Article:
Number Stay Flat
Why stablecoins are the biggest use case in crypto right now
👋 Welcome to the 25th issue of The Syllabus from Invisible College — a weekly newsletter that helps you navigate the fast-moving world of web3. To get this newsletter delivered to your inbox, subscribe here:
Before we begin, a disclaimer — nothing in this piece should be construed as financial advice. With that, let’s dive in.
We’ve got a packed event calendar over the next two weeks. Here’s what’s coming up:
NFTuesday (Tues. 7/12 @ 3 pm PT)*
Bear Market Lessons from a Crypto OG w/ Mike Dudas (Thurs. 7/14 @ 12 pm PT)
Town Hall (Fri. 7/15 @ 9 am PT)*
Office Hours w/ Rockwell Shah (Mon. 7/18 @ 1 pm PT)*
Creating On-Chain Communities (Wed. 7/20 @ 9 am PT)*
Investing in the Metaverse (Thurs. 7/21 @ 3 pm PT)*
*To access these events, you’ll need to hold at least one Decentralien NFT.
Now onto this week’s post…
Web3 use cases have been hotly debated over the past month or two. Critics argue that the existing use cases don’t warrant the amount of speculation we saw during the bull market and that their descent back to reality in this bear market was inevitable. On the other hand, proponents rattle off lists of use cases, many of which are still quite early in their adoption cycles, which leads the critics to feel even further justified in their skepticism.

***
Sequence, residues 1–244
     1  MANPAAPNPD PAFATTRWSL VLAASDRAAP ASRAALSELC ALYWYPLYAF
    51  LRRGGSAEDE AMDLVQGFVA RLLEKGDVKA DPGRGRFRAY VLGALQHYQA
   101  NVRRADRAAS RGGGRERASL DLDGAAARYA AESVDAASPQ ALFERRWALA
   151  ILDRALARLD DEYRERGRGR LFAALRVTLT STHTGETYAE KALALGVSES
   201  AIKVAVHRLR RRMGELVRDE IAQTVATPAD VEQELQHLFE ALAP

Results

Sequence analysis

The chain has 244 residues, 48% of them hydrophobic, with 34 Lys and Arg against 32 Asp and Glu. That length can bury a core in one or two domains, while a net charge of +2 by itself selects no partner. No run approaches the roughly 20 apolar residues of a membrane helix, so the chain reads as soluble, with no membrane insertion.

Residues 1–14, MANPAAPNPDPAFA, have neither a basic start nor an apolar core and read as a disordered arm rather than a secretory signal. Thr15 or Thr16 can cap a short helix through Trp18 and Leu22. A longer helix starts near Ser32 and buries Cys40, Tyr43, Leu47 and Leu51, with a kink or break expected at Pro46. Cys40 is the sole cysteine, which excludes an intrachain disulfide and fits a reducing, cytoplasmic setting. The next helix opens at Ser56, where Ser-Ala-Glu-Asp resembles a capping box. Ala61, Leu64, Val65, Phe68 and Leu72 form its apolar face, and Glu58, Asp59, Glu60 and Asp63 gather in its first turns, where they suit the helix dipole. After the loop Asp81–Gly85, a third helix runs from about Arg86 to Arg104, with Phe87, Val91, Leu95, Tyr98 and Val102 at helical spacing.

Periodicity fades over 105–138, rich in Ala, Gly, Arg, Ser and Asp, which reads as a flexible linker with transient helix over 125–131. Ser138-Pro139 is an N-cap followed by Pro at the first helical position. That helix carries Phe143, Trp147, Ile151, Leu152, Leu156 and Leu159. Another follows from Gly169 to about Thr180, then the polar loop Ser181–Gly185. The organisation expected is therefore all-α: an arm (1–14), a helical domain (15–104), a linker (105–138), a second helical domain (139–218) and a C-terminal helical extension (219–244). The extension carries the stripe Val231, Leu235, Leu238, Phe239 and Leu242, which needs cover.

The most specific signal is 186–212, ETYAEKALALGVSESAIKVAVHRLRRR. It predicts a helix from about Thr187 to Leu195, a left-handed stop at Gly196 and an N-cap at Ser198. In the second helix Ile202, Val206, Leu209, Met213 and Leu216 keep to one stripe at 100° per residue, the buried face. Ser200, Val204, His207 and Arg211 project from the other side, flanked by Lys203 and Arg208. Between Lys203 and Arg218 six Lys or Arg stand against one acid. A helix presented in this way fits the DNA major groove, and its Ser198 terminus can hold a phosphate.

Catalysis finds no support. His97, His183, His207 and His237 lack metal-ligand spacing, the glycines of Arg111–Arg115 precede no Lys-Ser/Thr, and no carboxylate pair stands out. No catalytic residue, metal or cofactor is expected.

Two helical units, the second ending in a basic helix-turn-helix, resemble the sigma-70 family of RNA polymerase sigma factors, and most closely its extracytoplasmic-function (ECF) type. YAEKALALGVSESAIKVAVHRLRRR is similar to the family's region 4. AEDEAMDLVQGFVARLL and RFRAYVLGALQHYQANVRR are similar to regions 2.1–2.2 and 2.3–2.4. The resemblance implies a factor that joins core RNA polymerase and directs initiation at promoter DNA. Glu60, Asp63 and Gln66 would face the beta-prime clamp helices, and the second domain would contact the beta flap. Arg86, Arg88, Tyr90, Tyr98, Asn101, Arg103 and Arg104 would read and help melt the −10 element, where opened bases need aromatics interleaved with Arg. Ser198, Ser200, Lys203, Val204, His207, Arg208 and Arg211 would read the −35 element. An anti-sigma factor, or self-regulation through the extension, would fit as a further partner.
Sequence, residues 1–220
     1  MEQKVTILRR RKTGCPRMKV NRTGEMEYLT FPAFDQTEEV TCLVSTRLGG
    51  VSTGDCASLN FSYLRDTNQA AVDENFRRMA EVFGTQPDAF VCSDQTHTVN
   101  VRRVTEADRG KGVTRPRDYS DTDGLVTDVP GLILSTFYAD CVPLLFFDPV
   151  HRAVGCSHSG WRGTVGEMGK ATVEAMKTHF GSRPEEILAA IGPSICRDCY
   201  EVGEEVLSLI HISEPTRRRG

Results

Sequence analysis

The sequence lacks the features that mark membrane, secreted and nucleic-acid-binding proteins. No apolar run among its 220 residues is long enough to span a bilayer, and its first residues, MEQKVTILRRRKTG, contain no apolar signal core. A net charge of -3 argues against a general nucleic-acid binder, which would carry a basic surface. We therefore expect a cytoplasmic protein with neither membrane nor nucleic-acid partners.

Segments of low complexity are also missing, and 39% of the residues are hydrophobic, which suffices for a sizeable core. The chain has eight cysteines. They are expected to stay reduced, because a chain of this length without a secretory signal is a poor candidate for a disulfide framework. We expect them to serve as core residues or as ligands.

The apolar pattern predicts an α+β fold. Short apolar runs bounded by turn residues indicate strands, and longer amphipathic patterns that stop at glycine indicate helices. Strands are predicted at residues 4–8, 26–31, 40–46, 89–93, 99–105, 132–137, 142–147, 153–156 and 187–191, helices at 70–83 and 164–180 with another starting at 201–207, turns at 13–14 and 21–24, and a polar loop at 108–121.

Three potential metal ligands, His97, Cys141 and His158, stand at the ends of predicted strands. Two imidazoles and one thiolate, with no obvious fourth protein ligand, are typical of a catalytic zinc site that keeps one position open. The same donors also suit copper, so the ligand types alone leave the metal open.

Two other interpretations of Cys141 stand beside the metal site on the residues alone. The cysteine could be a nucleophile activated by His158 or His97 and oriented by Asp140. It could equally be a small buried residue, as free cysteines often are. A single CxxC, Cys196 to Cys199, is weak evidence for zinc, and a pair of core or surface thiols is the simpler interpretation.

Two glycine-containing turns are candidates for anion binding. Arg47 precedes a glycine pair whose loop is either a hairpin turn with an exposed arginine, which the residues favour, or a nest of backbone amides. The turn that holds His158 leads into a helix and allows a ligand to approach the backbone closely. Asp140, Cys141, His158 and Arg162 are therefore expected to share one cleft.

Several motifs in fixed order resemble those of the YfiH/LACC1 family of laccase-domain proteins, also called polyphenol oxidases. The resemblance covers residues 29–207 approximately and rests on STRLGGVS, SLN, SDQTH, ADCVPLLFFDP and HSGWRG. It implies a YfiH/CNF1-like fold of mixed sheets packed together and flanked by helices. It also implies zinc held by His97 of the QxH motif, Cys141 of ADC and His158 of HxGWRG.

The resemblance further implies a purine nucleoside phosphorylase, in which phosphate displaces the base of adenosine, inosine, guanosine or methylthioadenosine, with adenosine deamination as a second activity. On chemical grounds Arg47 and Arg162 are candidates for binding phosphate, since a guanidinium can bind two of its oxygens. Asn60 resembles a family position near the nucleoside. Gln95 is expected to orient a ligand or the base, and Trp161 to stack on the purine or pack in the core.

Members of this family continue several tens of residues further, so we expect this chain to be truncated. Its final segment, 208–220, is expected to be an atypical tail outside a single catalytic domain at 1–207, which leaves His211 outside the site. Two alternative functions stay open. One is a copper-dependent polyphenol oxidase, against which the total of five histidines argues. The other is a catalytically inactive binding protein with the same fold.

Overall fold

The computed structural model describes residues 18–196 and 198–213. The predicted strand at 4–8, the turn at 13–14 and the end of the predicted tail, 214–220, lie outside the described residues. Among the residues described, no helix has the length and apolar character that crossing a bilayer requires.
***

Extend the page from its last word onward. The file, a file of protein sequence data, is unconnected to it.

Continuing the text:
With the amount of not-so-great news plaguing crypto lately, it’s hard to blame people for having their doubts. Over-leveraged hedge funds, insider trading, tens of billions of dollars wiped out in a few days, rug pulls, and more.
But regardless of all the bear market fervor, there are still many viable use cases that exist right now. Rather than go through a laundry list of examples, I’ll focus on a simple, but powerful one: stablecoins.